Much of the work in traditional game theory is focused on the analysis of solution concepts (typical examples include the Nash equilibrium and its refinements or the various notions of iterated dominance). A solution concept is intended to represent the "rational'' outcome of a strategic interactive situation. That is, it is what (ideally) rational players would do in the situation being modeled. This course will focus on a key foundational question: How do the (rational or not-so rational) players decide what to do in a strategic situation? This has both a normative component (What are the normative principles that guide the players' decision making?) and a descriptive component (Which psychological phenomena best explain discrepancies between predicted and observed behavior in game situations?). The main challenge is to find the balance between descriptive accuracy and normative relevance. While this is true for all theories of individual decision making and reasoning, focusing on game situations raises a number of compelling issues that many students at ESSLLI will find interesting. Robert Aumann and Jacques Dreze adeptly summarize one of the most pressing issues when they write: "the fundamental insight of game theory [is] that a rational player must take into account that the players reason about each other in deciding how to play''. Exactly how the players (should) incorporate the fact that they are interacting with other (actively reasoning) agents into their own decision making process is the subject of much debate.
The aim of this course is to cover some of the most successful and fruitful approaches to modeling players' reasoning and deliberations in games---from logic, artificial intelligence, cognitive science, and game theory---with an eye toward the possibility of unification. The course will draw on (recent) literature in game theory, behavioral economics, cognitive science, and artificial intelligence. Such an interdisciplinary perspective will appeal to many of the participants at ESSLLI. Students attending this course will understand how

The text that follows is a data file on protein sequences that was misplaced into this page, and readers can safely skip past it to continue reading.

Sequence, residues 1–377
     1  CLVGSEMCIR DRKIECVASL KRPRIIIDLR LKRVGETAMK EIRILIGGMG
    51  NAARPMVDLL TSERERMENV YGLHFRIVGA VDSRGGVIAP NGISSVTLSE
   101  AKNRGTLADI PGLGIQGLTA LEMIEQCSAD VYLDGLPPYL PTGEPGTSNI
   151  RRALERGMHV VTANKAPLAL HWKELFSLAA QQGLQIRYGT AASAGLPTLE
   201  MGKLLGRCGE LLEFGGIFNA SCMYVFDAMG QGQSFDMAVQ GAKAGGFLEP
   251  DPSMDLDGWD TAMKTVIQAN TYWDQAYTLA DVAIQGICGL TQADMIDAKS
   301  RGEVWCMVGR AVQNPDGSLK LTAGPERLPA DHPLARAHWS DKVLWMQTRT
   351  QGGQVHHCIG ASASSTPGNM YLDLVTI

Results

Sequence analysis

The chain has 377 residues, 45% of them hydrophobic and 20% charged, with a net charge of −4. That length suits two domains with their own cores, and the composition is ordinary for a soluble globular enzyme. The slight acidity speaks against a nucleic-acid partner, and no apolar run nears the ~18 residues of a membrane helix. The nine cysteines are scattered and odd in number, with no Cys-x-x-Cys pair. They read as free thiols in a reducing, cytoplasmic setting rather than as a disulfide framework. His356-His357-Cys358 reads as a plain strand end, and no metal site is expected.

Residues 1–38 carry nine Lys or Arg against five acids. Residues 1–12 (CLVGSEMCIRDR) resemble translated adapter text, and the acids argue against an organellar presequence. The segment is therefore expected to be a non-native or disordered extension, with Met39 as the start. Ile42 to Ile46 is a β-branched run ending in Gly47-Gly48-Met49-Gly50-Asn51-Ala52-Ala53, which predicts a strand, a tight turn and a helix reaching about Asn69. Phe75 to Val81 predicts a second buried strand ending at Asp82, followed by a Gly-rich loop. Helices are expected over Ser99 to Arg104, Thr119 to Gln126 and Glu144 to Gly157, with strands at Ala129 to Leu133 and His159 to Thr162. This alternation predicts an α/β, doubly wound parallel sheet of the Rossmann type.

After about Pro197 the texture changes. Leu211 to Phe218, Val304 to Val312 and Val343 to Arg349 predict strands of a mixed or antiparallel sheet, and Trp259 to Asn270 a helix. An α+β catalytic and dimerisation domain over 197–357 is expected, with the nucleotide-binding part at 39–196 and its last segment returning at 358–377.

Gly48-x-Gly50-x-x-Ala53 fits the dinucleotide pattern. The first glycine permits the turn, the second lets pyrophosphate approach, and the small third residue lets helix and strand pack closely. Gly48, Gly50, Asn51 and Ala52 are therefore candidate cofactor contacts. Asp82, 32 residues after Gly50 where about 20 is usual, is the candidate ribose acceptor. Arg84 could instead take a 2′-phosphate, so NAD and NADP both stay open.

methods from the mathematical theory of evolution can provide a powerful tool to explain strategic interactions; be exposed to intriguing experimental results about how humans behave in strategic situations; and get hands-on experience using WebPPL probabilistic programs to represent agents in game situations.
The course will be of interest to students in logic, philosophy, computer science (especially multi-agent systems), linguistics (especially those interested in formal pragmatics) and cognitive science. It is an advanced course, but it will be self-contained. I will spend at least one day covering the theoretical background on game theory, Bayesian models and learning in games. An important component of the course is to use the WebPPL probabilistic programming language to represent agents in game situations. I will introduce this programming language (making use of the tutorials at
probmods.org and
agentmodels.org); however, the goal is not to provide a general introduction to probabilistic programming, but rather to develop enough understanding of the WebPPL language to model agents interacting in game situations. The main objective of the course is to develop useful models of reasoning in specific games and to compare and contrast existing approaches to models players' reasoning in games. I will start with an extended discussion of coordination games, discussing WebPPL programs for agents playing coordination games, Brian Skyrms's model of deliberation in coordination games, models of team reasoning, and the theory of focal points. I will conclude by discussing other games (e.g., the Prisoner's Dilemma, Battle of the Sexes, and the Traveler's Dilemma) and (time permitting) how to account for other psychological phenomena (e.g., risk aversion, guilt, framing effects).